"Web Ontology Language (OWL)" .
icc:I2-Explanation a icc:Explanation
"Principle I2 uses 'vocabularies' to refer to the methods that unambiguously represent concepts that exist in a given domain. The use of shared, and formally structured (I1), sets of terms is an essential part of FAIR. Terminology systems, including flat ‘vocabularies’, hierarchical ‘thesauri’ and more granular specifications of knowledge such as data models and ontologies, play an important role in community standards. However, the vocabularies used for metadata or data also need to be findable, accessible, interoperable, and reusable in their own right so that users (including machines) can fully understand the meaning of the terms used in the metadata. This principle has been criticized as ‘circular’ but as has been made clear earlier in this article, the simple use of a “label” (e.g. “temperature”) is insufficient to enable a machine to understand both the intent of that label (Body temperature? Melting temperature?) and the contexts within which it can be properly linked - same-with-same - to other similarly-labelled data. I2, therefore, requires that the vocabulary terms used in the knowledge representation language (principle I1) can be sufficiently distinguished, by a machine, to ensure detection of ‘false agreements’ as well as ‘false disagreements’." ;
"I2 Explanation" ;
"Current considerations are for communities to ensure that terminology systems and, for instance, the units of measure, classifications, and relationship definitions are themselves FAIR. Thesauri that are proprietary and not universally accessible should be avoided wherever possible, because machines (and indeed particular countries, regions or communities as a whole) may not have the authority to access their definitions, such that even data that is accessible after authentication via A1.2 may not be useful to an agent that has no authority to access the concept definitions used within that data." ;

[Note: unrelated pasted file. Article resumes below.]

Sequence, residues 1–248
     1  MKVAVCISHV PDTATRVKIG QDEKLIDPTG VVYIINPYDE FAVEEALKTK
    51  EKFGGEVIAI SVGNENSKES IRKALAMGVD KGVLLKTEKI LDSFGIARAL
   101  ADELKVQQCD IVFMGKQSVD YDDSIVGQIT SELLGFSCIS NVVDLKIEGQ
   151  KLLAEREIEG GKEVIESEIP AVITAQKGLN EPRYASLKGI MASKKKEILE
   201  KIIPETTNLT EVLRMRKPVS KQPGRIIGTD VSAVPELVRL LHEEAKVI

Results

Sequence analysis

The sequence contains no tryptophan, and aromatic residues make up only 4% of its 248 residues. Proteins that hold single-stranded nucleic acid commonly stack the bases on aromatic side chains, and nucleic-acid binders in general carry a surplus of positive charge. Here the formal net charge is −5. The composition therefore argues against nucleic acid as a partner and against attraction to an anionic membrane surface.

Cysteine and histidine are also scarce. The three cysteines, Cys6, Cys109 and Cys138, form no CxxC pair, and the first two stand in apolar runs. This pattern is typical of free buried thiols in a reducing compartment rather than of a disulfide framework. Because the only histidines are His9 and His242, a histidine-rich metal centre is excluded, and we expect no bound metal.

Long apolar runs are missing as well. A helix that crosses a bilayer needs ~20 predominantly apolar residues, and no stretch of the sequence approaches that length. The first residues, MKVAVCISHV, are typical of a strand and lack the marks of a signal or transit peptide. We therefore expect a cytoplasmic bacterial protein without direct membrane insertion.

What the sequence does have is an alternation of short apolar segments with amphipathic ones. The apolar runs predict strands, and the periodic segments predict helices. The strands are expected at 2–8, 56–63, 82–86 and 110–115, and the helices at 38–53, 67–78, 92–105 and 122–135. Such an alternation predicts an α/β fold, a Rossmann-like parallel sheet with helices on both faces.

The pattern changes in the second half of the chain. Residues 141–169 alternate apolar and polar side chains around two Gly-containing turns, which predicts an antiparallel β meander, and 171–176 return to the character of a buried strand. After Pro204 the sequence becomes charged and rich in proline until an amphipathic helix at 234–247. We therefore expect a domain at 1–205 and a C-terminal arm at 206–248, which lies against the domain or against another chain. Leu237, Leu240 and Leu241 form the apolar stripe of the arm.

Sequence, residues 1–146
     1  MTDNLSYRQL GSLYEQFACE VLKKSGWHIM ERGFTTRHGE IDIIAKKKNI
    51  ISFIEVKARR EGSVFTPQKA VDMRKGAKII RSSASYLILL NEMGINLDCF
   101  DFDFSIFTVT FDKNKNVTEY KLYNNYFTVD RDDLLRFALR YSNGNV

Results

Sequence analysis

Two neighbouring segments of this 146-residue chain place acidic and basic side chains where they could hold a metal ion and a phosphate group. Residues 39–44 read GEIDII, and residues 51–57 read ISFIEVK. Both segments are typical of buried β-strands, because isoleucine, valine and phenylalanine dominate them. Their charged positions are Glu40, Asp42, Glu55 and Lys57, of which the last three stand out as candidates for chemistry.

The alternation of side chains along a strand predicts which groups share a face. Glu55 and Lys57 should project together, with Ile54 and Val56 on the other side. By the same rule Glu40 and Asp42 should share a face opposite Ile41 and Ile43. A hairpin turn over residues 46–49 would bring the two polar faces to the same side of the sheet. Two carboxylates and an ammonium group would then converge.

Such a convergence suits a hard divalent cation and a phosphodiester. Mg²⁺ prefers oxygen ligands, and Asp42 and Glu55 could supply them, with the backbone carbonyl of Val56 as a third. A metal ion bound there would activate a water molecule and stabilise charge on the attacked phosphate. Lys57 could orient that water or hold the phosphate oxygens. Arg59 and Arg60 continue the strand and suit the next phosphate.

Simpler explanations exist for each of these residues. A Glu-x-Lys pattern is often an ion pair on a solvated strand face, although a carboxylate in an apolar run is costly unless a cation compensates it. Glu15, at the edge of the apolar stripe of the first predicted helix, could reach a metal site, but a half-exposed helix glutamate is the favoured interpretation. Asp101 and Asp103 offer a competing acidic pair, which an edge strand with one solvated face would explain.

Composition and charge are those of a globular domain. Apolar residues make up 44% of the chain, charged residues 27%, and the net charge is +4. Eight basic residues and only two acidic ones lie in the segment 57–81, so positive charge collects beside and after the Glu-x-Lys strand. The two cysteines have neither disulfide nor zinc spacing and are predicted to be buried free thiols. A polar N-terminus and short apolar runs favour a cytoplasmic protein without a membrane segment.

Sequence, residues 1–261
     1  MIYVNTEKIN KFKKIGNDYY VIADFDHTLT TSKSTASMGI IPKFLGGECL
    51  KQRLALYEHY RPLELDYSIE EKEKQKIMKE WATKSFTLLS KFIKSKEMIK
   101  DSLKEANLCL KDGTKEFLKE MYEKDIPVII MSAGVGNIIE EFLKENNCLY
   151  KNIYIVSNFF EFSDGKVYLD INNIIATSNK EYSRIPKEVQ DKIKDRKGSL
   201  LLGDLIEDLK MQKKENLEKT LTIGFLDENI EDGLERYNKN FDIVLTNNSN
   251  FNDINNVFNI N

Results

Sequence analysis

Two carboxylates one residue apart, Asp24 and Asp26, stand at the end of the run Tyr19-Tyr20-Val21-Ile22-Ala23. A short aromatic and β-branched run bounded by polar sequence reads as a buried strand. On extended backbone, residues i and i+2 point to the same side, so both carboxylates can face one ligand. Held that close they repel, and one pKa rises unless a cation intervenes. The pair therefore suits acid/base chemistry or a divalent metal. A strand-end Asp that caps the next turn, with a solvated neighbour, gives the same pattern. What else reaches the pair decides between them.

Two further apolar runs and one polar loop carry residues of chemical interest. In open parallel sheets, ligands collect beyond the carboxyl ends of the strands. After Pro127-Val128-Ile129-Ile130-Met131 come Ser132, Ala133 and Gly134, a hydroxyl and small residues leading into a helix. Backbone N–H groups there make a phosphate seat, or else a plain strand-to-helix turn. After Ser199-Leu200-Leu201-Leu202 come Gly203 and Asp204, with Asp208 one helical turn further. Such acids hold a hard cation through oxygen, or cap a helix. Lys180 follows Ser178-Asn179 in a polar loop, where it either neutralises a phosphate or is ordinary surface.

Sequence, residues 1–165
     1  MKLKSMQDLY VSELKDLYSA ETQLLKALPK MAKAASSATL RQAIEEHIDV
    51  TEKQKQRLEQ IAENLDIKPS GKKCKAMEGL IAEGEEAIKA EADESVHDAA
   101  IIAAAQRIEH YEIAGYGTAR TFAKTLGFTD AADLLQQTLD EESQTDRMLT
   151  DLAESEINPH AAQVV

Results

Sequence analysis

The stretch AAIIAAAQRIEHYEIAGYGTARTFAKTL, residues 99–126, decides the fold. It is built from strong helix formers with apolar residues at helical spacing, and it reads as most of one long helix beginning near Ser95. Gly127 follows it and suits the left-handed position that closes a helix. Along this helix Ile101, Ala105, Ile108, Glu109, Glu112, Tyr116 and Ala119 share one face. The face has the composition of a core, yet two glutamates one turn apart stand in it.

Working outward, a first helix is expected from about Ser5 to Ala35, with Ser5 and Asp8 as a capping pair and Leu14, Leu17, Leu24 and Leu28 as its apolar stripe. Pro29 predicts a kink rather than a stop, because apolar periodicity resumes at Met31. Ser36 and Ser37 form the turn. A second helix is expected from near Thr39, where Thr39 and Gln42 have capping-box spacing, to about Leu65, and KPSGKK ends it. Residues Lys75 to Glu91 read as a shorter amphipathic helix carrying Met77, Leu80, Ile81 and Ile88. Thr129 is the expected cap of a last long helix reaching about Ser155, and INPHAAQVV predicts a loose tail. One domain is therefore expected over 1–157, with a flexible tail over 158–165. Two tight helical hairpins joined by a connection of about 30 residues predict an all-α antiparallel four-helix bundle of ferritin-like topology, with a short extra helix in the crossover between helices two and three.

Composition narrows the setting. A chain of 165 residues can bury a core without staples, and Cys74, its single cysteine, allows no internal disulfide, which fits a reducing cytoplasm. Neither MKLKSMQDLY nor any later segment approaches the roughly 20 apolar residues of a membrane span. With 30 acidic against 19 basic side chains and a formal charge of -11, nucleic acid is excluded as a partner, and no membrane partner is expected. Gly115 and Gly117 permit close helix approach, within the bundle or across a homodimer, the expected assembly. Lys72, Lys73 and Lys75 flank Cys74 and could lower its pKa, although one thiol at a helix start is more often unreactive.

"Ontologies defined in the ‘Web Ontology Language’ (OWL) and shared via a publicly accessible registry (e.g. BioPortal for life science ontologies; https://bioportal.bioontology.org/) are examples of formally represented, accessible, mapped, and shared knowledge representations in a broadly applicable language for knowledge representation, that are also compliant with the Findability requirements of FAIR, since BioPortal provides a machine-accessible search interface." .